Pitching Reporters: Don't Make These Mistakes

Pitching Reporters: Don't Make These Mistakes

Reporters need ideas from you to write their stories. But there is a right way and a wrong way to pitch your story.

Here are a few tips on what not to do so you can get free publicity. Don’t even think of breaking these rules if you want to get published.

1.     Don’t assume they have all the time in the world to talk to you. They don’t. They are always busy.
2.     Don’t assume they want to hear new pitches. Some columnists create their own ideas and don’t want to hear pitches.
3.     Don’t pitch off topic. Do your homework to know which reporters cover your topic and are a good fit for your story.
4.     Don’t threaten reporters with pulling your advertising. Reporters don’t care if you advertise with the publication or are best friends with the publisher. They want info their readers care about.
5.     Don’t interrupt them on deadline. Since you don’t know their deadline, always ask if this is a good time to talk. If it isn’t, ask them when you can call back.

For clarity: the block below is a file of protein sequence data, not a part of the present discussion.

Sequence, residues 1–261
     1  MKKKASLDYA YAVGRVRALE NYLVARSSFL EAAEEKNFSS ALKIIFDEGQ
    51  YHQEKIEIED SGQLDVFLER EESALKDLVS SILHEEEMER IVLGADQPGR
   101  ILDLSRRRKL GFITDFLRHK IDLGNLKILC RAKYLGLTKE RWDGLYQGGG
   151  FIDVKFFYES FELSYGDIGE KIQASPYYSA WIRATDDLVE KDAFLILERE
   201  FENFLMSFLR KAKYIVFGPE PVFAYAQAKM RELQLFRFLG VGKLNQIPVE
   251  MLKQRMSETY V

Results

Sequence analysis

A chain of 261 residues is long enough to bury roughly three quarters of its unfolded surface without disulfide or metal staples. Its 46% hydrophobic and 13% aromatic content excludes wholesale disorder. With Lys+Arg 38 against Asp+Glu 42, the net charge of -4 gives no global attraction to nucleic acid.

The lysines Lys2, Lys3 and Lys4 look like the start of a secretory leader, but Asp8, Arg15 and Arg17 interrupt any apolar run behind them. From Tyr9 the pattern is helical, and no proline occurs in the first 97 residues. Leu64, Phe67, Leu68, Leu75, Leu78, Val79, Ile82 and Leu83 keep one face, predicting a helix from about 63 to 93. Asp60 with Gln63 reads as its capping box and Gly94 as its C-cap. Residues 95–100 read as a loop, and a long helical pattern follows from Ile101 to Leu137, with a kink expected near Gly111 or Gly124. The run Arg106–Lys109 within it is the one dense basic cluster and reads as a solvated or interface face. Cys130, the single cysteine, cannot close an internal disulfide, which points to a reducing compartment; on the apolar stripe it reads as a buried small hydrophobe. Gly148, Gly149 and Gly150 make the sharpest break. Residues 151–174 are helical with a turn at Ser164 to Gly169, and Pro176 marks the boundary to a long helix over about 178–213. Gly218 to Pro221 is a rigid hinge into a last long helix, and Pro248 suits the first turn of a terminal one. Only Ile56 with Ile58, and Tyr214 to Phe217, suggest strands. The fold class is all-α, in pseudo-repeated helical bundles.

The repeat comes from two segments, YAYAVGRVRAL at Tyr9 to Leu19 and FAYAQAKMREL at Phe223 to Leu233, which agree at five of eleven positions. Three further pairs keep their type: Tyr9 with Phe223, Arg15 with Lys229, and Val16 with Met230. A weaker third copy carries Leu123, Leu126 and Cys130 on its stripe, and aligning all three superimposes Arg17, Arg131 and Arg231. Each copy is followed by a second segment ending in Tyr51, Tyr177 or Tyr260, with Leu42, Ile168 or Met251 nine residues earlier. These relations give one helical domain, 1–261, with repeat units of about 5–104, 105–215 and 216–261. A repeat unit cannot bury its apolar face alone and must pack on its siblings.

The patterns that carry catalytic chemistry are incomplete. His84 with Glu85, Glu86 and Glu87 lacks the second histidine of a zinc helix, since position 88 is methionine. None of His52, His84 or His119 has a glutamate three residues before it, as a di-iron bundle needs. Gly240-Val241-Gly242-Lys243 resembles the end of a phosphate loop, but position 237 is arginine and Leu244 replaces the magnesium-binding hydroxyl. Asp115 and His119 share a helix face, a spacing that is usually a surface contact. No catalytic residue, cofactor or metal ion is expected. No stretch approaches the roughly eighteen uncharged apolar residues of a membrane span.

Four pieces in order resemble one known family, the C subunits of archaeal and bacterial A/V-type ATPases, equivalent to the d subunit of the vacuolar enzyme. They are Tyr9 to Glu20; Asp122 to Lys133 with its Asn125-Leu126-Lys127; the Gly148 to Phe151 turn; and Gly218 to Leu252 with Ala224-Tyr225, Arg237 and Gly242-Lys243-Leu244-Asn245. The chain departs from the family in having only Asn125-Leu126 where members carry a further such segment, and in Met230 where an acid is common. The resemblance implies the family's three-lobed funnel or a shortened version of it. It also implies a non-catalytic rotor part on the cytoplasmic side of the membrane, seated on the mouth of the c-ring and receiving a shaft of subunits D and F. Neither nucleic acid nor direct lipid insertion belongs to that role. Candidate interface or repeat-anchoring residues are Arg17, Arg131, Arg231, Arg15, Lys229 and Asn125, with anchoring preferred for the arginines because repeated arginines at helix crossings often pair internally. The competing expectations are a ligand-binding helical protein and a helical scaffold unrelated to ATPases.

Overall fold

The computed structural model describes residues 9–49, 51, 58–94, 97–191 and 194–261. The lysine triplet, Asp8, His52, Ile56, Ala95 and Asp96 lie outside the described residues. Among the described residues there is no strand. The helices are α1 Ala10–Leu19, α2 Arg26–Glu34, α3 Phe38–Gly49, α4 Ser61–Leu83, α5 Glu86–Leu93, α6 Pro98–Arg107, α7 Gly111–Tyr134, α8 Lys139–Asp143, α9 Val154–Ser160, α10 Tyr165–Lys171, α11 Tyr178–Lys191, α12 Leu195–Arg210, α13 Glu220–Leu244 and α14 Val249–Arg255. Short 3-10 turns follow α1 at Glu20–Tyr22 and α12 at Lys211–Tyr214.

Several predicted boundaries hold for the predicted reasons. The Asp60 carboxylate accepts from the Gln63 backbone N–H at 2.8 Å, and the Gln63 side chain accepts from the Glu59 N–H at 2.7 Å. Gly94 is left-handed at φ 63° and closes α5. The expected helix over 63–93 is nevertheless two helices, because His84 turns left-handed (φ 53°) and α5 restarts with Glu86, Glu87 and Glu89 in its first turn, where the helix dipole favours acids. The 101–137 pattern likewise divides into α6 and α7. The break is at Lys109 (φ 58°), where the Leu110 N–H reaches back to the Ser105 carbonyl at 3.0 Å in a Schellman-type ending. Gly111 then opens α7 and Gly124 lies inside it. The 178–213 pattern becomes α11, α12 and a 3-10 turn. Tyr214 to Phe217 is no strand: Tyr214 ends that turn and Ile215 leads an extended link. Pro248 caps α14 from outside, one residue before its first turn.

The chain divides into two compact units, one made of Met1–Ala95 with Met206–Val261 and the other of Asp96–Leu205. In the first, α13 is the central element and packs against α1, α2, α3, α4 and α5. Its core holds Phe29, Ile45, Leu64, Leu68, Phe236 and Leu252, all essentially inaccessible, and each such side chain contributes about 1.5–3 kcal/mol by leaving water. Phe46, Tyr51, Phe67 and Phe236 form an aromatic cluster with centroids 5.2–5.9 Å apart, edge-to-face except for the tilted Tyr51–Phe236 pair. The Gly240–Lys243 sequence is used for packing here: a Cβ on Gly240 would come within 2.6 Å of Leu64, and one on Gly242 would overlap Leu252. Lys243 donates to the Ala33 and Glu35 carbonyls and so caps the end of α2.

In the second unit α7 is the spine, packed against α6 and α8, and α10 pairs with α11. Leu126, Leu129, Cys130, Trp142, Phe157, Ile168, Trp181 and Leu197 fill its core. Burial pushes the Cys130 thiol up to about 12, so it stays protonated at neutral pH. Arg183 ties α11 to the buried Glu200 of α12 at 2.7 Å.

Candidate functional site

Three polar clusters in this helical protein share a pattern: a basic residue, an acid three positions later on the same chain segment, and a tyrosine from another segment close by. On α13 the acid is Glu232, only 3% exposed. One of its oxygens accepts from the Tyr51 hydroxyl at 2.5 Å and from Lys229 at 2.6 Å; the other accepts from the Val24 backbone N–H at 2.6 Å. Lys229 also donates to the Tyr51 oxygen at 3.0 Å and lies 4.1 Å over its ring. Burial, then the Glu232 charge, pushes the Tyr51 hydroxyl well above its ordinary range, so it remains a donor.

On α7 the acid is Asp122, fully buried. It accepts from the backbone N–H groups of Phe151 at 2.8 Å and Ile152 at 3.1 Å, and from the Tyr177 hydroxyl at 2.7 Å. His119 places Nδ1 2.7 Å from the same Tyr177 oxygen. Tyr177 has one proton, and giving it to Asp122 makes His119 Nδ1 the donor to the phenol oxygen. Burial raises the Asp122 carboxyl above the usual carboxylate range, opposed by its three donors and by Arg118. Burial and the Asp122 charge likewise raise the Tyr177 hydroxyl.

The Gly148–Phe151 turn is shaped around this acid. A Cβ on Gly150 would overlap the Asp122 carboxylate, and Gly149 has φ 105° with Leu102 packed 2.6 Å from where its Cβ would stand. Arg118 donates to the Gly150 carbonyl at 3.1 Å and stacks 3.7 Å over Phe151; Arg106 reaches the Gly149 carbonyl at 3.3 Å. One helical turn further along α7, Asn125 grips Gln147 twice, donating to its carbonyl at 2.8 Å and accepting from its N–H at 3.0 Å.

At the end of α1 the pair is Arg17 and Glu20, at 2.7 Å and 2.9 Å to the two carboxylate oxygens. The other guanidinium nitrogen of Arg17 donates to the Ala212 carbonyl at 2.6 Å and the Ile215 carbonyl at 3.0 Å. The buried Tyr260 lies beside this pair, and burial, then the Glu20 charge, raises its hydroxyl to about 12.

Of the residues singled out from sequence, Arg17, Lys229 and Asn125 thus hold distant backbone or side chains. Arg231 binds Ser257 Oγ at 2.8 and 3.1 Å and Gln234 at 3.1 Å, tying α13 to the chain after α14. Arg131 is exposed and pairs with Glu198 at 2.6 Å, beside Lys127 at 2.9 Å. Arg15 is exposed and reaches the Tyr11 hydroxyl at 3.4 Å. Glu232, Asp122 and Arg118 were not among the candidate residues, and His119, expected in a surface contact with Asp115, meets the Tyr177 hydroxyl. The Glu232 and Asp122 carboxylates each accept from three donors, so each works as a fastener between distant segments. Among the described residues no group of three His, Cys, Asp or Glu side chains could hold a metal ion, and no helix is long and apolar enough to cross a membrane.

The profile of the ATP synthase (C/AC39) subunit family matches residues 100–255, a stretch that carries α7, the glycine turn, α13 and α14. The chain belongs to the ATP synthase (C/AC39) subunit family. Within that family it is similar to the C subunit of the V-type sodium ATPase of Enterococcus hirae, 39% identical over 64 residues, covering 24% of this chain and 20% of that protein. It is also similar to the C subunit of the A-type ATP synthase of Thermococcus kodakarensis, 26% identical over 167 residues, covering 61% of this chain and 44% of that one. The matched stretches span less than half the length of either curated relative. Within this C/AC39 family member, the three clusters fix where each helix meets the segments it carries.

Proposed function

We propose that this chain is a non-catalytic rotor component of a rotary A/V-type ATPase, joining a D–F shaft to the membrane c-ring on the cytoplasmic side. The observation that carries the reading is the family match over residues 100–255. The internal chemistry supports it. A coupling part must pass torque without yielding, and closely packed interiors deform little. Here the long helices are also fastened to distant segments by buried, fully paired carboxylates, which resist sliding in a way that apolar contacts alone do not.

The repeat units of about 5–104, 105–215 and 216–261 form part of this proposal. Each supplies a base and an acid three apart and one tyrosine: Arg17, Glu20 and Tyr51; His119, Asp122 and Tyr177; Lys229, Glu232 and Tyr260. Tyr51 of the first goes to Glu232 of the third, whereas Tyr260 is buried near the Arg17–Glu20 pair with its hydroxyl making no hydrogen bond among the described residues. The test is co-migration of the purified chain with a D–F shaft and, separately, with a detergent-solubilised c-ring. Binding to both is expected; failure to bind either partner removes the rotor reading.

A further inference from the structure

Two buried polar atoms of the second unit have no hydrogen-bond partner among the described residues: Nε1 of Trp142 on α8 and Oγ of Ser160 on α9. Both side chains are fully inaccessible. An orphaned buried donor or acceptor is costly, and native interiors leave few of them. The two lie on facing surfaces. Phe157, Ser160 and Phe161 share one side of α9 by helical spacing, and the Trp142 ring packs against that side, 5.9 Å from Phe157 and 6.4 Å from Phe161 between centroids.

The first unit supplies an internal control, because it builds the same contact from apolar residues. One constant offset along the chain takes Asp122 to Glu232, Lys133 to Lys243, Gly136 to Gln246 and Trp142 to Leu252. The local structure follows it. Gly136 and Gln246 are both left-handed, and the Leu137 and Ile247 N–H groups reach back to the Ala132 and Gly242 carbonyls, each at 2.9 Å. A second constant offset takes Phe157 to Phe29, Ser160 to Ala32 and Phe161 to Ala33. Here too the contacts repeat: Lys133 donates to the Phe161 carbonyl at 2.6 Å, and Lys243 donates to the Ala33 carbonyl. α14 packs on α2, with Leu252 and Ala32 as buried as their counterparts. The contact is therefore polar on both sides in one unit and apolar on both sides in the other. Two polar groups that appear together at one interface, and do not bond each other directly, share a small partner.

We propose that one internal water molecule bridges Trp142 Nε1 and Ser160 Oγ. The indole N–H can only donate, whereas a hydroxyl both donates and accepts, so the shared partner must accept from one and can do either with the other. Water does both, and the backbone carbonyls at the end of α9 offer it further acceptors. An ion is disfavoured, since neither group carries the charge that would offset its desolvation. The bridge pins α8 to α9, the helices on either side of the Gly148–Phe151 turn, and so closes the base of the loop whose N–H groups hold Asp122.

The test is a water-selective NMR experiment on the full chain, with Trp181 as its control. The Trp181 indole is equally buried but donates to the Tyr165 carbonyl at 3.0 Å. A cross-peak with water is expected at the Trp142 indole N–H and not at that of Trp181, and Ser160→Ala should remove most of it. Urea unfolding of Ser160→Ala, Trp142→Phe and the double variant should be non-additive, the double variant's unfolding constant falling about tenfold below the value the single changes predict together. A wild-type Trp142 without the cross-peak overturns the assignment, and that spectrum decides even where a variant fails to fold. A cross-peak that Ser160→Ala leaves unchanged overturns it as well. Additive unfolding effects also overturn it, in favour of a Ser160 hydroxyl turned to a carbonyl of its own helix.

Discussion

6.     Don’t run on and on with your story idea. Pause and ask them if they are interested, if they want more info or if they have questions. That shows respect.
7.     Don’t pitch them the same feature story idea they just wrote about. In most cases, they are done with that story for a while. If you are pitching on a breaking news story, they could be interested in info for a follow-up story.
8.     Don’t offer an exclusive. You could probably do more harm to yourself than good.
9.     Don’t be ignorant. Read the reporters recent articles so you know what they write about and can comment on those articles. That shows a great deal of respect and that can open doors for you.
10.  Don’t be unprepared. Think of the questions reporters will ask and have a ready answer. You want to sound as prepared and professional as possible. Put yourself in the reporter’s shoes and consider the likely questions. If the reporter still asks a question you can’t answer, tell her you’ll get back to her promptly – and then do so.

If you follow these tips, you’ll have a better chance of being quoted in newspapers and magazines, as well at TV and radio.

About the Author:

Dan Janal, author of "Write Your Book In A Flash!" helps leaders write books so they can get more clients and sell more products. My clients get terrific results from my coaching, developmental editing and ghostwriting. For info, go to http://www.WriteYourBookInAFlash.com.

One Comment

  1. Cendrine Marrouat July 25, 2012 at 8:26 pm - Reply

    Excellent article! Basic but essential tips that people often disregard altogether.

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